Not any more

Is the biggest Fraser sockeye run since 1913 too much bounty?

In Canada on August 26, 2010 at 08:58

VANCOUVER — The biggest Fraser River sockeye salmon run since 1913 is proving to be almost too big a bounty for British Columbia’s fishery industry to handle.

With a total catch allotment of 7.5 million fish – nearly four times what was expected this season – fishermen are scrambling to maximize their haul, and that is stretching a shore industry that hasn’t handled any Fraser River sockeye at all in the last three years.

British Columbia’s bigger fish processors are revelling in the unexpected windfall, using it to feed processing plants on the north coast that have suffered through poor salmon returns and to reopen overseas markets in Japan and Europe that haven’t seen coveted Fraser River sockeye in years.

"I won’t say it hasn’t been a bit of a challenge to go from zero to where we are now," Greg Taylor, vice-president of fisheries management for Ocean Fisheries Ltd., one of B.C.’s two biggest processors, said in an interview. "But we were expecting a reasonable [Fraser River] return, so we had done a lot of homework [to sell into] those markets."

He said the industry had expected the department of fisheries and oceans to approve a total catch allotment, between commercial, recreational and various aboriginal fisheries, of two million.

Taylor said the swelling run has brought prices down for fishermen. At the start of the season, buyers were paying up to $1.75 per pound for Johnstone Strait-caught sockeye landed at Vancouver. Today that price is $1.35.

The unexpected boom in the run takes 2010 "from being an okay year to a very good year."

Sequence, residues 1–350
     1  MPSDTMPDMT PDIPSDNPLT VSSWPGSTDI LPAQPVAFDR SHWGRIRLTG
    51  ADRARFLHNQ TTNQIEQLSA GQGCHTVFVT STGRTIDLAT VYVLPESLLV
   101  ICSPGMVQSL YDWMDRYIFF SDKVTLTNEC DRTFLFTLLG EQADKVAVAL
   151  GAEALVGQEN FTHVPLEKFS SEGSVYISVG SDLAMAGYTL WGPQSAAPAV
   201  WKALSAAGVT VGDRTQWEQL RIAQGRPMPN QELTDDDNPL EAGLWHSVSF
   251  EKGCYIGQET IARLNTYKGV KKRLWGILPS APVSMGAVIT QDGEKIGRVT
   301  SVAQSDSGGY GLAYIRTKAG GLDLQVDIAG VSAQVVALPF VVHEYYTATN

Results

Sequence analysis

And while overseas markets haven’t seen Fraser sockeye in several years, Taylor said it is still recognized as "one of the premium salmon in the world."

"It wasn’t as difficult as you might think to get people interested in Fraser River sockeye again," Taylor said.

Ocean has pretty well stopped processing fresh sockeye for the domestic market, Taylor added, and is focusing on packing frozen products for export to Japan and Europe as well as salted and barrelled fish, a specialty for the Japanese market, and canned salmon.

Taylor said the company is shipping salmon to its Prince Rupert processing plant while that plant is sending ice to Ocean’s Richmond operations by boat to help it handle the catch.

For the Canadian Fishing Co. (Canfisco), the Fraser River’s bounty means fish to feed its major cannery operations in Prince Rupert, providing additional weeks of work for 600 employees on two shifts.

"A lot of workers were going to have a lean year without this," said Rob Morley, Canfisco’s vice-president of development and production.

Morley said all of Canfisco’s plants, with 900 employees, are running now and "producing some of the best-quality fish people have ever seen."

He said that a bonus for this season was that many south-coast salmon runs have been strong, starting with the Barkley Sound fishery on Vancouver Island, which has given his company a good supply of fresh fish all summer long.

Morley said the economic boost from this year’s fishery "is huge."

However, for independent fishermen who don’t have contracts to supply larger processors or haven’t maintained ties with brokers or cold-storage facilities, turning the bounty of their catch into cash could prove more difficult.

"With 25 million sockeye returning, the industry is not equipped to handle that amount of fish any more," observed Scott Moorehead, who is with the family-owned shop Longliner Seafood on Granville Island.

Lawrence Brew, at Cloverdale Cold Storage Ltd., a big handler of frozen fish, said his company was running flat-out trying to keep up and has had to turn customers away.

"A lot of independent [fishermen] called us this year who we hadn’t heard from in years wanting to reopen their accounts, but we’re just overwhelmed and haven’t been able to accommodate them," Brew said.

© Copyright (c) The Vancouver Sun


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